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On Wednesday, March 8, 2023 at 09:01:04 PM CST, Mouse <> wrote: 

>>> As far as warnings go ... it always amazes me when I build an
>>> established Project from source and the compiler issues warnings.

>> Over time, compiler toolchains have steadily improved [...] their
>> ability to issue warnings [...]

> Yes, but some of those warnings are special-purpose or, depending on
> your mindset, outright crazy.

Possibly ... but I'm talking about running the project's own Makefile after the standard ./compile - make - make install cycle, using their chosen compiler.  Yes, maybe I'm running a different version of gcc.  Still, do they not try to install their own product every once in a while? When a new gcc comes out, for example?

Even worse, sometimes the build or install fails because of an undocumented dependency or because the dependencies changed out from under them. A few weeks ago I tried to compile Lua with -lreadline, only to find the new GNU libreadline depended on libhistory and libtermcap. And those shared libraries in /usr/local/lib somehow overrode Linux Mint's versions in /usr/lib ... but that's a whole other saga.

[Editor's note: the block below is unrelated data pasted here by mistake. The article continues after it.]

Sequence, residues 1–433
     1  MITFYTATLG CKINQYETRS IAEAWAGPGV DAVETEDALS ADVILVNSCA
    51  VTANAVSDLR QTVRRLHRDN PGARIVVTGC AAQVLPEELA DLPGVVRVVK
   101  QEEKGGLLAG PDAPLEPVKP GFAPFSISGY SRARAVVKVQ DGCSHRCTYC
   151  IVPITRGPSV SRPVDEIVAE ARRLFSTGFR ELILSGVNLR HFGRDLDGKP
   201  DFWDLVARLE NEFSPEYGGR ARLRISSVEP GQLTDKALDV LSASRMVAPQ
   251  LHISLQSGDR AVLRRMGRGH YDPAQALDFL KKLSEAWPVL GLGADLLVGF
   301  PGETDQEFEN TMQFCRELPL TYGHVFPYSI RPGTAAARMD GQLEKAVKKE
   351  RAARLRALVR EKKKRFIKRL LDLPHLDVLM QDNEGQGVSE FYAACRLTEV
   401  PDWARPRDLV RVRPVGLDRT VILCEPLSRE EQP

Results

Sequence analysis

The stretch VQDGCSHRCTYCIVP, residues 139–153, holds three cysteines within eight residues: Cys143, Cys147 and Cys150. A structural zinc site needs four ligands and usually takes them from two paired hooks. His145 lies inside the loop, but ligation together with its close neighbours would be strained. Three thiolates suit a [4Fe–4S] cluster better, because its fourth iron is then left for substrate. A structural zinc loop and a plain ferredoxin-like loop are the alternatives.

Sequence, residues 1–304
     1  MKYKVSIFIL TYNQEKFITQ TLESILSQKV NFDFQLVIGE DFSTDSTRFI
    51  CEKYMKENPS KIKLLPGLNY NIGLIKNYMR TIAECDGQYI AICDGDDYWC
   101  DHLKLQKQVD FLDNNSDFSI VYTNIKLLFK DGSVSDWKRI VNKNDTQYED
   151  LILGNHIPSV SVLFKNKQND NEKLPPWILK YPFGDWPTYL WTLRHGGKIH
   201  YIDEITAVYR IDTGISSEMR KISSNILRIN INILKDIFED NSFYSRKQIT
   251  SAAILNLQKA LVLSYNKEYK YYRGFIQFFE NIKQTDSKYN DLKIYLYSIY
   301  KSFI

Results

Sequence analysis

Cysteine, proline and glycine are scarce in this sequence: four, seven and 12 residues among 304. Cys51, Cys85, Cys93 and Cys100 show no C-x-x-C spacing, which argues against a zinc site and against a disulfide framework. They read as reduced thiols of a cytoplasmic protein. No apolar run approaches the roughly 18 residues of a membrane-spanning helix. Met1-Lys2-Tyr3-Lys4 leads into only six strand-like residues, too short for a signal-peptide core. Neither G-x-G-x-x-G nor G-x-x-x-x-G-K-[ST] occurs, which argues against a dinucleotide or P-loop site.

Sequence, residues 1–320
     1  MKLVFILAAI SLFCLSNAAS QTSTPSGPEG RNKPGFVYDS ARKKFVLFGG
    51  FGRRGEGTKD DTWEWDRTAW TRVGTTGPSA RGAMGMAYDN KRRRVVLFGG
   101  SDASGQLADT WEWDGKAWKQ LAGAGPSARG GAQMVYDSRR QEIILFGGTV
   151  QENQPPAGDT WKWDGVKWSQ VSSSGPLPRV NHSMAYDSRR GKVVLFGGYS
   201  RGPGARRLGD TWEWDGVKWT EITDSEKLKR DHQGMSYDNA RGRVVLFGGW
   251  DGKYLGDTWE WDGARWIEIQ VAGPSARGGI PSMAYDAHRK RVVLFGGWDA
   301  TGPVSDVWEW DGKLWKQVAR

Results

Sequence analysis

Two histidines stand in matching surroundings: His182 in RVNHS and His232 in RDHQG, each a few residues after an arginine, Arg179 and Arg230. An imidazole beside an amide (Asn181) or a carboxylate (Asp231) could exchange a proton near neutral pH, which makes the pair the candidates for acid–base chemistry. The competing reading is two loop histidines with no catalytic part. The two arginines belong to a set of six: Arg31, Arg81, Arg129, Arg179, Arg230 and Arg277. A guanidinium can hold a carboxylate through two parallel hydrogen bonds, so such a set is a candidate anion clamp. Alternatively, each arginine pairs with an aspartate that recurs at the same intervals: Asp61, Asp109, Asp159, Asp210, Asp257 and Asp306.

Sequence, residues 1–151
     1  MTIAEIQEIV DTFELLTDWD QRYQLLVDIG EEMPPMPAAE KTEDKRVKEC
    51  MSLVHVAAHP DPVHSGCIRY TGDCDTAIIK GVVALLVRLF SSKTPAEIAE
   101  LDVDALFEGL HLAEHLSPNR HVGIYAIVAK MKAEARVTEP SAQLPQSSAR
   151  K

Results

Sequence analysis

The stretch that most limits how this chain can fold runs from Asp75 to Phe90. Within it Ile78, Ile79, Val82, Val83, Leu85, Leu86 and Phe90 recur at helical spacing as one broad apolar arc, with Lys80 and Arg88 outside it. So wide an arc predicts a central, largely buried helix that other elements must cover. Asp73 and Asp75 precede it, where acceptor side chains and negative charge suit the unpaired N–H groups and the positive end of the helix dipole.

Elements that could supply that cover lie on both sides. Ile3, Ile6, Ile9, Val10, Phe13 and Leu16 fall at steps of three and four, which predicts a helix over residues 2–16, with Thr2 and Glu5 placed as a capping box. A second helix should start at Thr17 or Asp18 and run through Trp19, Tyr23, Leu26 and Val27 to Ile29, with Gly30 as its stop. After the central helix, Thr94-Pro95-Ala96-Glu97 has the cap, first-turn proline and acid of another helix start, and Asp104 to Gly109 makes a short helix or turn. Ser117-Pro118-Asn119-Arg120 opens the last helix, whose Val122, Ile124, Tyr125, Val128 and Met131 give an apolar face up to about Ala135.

In any case, when I worked at a smallish start-up we regularly tested our Web product against all the major browsers. Even a one-person operation could test against new compiler versions and resolve any warnings that popped up, one way or another. At least they could document the build and deployment environments they've tried. Then again maybe I'm spoiled, coming from the Java world where it's "write once, run anywhere" (unless you're using one of the GUI modules or a non-POSIX operating system or ...).

Frank Mitchell